As you prepare for your Cisco CCENT (Cisco Certified Entry Networking Technician) or CCNA (Cisco Certified Network Administrator) exam you will definitely hear time and time again that you have to know subnetting inside and out to be able to pass the exam. Not only do you need to be able to answer the straight forward questions like how many hosts can you have with a mask of /26 on a subnet; but you have to be able to do that and marry up your subnetting skills with your Cisco routing and switching knowledge to figure out what subnet a particular host will reside on and what the default gateway address will be for that host. That is because Cisco is going to ask you scenario based questions that make it much harder than just understanding the basics of subnetting. They want you to be able to put together two concepts and sharpen your network troubleshooting skills for the real world. There are many different type of scenario questions that you may see on the exam. Below you will see one which you have to use your CCNA subnetting skills to pick the most efficient subnet masks to conserve IP addresses. So let’s take a look at the exam question below.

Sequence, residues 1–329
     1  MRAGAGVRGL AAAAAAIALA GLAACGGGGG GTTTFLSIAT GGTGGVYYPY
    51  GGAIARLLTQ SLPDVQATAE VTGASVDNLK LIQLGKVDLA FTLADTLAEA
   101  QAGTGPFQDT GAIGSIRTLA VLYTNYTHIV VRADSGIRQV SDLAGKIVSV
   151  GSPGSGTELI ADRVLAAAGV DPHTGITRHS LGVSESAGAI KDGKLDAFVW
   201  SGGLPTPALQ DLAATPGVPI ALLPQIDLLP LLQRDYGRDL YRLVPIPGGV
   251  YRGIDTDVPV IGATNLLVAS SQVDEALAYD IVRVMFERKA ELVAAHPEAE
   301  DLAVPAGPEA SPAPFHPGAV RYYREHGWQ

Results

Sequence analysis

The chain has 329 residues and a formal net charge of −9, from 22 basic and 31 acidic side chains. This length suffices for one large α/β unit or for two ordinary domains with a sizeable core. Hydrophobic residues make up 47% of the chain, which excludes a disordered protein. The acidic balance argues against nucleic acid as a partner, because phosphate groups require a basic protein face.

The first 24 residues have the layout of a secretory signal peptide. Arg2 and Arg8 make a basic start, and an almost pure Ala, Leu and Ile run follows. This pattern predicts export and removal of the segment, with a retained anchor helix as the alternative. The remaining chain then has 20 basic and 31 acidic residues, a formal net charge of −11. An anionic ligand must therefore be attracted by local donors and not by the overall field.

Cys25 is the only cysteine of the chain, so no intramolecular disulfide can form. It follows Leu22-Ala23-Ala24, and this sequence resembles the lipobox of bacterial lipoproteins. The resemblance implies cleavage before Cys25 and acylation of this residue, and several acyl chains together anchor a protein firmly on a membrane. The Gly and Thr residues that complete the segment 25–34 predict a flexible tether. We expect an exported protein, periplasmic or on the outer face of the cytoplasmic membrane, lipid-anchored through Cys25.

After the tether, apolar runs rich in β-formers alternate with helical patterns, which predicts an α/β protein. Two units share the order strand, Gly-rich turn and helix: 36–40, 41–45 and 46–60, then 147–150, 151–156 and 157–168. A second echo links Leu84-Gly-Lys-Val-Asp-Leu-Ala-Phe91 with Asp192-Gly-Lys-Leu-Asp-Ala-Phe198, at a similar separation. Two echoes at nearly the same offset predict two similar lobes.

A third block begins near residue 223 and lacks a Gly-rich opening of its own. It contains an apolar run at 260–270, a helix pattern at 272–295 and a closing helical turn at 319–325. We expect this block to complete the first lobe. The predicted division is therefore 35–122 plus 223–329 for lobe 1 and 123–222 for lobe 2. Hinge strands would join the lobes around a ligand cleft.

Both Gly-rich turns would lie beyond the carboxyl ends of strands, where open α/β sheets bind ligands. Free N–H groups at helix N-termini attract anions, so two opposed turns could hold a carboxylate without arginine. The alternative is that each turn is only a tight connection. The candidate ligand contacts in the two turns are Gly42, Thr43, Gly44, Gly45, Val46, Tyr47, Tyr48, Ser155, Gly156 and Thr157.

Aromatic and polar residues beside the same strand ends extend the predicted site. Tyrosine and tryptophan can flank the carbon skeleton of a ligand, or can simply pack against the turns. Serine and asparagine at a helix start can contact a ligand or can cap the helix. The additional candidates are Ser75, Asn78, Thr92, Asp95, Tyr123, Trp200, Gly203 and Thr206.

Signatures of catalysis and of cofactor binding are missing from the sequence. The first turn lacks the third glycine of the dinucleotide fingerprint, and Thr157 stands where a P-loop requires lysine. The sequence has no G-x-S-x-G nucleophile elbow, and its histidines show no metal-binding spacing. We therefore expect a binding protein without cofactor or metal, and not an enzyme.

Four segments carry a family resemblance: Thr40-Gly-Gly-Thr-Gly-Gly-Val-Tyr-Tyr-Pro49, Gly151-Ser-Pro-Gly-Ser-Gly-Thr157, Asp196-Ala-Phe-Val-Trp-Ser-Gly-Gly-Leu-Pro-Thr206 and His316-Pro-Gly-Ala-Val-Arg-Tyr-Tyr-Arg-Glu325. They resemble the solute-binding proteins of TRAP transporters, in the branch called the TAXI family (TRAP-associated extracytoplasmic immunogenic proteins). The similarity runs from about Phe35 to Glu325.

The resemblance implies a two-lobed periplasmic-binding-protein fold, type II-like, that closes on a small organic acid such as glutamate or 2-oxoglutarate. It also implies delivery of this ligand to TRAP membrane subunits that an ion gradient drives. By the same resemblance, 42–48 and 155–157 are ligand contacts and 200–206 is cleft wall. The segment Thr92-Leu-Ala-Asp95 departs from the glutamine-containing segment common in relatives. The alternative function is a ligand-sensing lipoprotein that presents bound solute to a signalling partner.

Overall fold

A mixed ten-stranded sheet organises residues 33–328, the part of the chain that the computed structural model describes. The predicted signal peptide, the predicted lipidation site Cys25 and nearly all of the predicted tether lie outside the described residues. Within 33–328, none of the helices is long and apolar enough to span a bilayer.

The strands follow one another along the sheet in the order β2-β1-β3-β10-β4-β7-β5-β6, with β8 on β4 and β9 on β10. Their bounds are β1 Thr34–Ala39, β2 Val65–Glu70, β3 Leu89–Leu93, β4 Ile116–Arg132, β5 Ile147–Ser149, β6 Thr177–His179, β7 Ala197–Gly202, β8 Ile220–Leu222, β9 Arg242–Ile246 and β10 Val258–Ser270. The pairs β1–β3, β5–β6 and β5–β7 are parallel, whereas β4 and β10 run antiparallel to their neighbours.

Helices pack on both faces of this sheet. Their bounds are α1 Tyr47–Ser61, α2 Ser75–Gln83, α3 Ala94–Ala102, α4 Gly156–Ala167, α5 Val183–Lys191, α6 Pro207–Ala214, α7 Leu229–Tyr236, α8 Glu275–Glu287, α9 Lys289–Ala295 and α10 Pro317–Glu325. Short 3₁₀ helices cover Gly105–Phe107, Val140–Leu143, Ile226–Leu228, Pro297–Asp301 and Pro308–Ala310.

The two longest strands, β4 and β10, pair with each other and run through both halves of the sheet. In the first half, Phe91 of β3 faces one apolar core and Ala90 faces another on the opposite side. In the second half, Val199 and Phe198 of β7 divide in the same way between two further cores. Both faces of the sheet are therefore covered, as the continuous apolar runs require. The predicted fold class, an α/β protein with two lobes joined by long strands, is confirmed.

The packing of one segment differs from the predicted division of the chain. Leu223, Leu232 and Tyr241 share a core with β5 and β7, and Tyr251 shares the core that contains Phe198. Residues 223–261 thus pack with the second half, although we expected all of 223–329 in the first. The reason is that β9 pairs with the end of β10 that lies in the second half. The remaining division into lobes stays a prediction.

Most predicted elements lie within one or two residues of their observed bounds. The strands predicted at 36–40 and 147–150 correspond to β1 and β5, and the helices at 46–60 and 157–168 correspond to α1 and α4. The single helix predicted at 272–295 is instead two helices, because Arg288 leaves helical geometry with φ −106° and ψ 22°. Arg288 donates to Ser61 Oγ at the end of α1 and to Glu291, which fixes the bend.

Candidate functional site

Company D is redesigning the network that connects its three locations. The administrator gave the networking team 10.10.1.0/24 to use for addressing the entire network. After subnetting the address, the team is ready to assign the addresses. As a member of the networking team, you must address the network and at the same time conserve unused addresses for future growth. With those goals in mind, drag the host addresses on the left to the correct router interface.
So let’s take a minute to walk through the way to solve this question on your exam. In this question, the main subnet is 10.10.1.0/ 24. The table below shows the subnets in this ip address range.
However, not all the IP addresses can be used. In this question, 10.10.1.2/26 is correct and fits for the subnet that needs 44 hosts, 10.10.1.129/29 is used on the subnet requiring 4 hosts. 10.10.1.137/30 is used on the serial interface between R2 and R3, 10.10.1.66/27 is used for the link requiring 26 hosts on router R3 and 10.10.1.114/28 on R4 which requires 13 hosts.
10.10.1.14/25 and 10.10.1.20/24 would waste too many host ip addresses.
10.10.1.63/27 is not a valid host address in this subnet.
So the correct answer for this question would be as follows:
R1 FA0/1 – 10.10.1.2/26
R2 FA0/1 – 10.10.1.129/29
R3 S0/0/0 – 10.10.1.137/30
R4 FA0/0 – 10.10.1.66/27
R5 FA1/1 – 10.10.1.114/28
For more information refer to the topic on subnetting here.
Are you interested in really getting your hands dirty with a real Cisco routers and real Cisco switches like that you will see in the real world? Do you want to be able to replicate a topology like the one above and really see if your subnetting skills are tight and routing will really work? If so, check out some of the CCNA lab kits that are available here! www.CertificationKits.com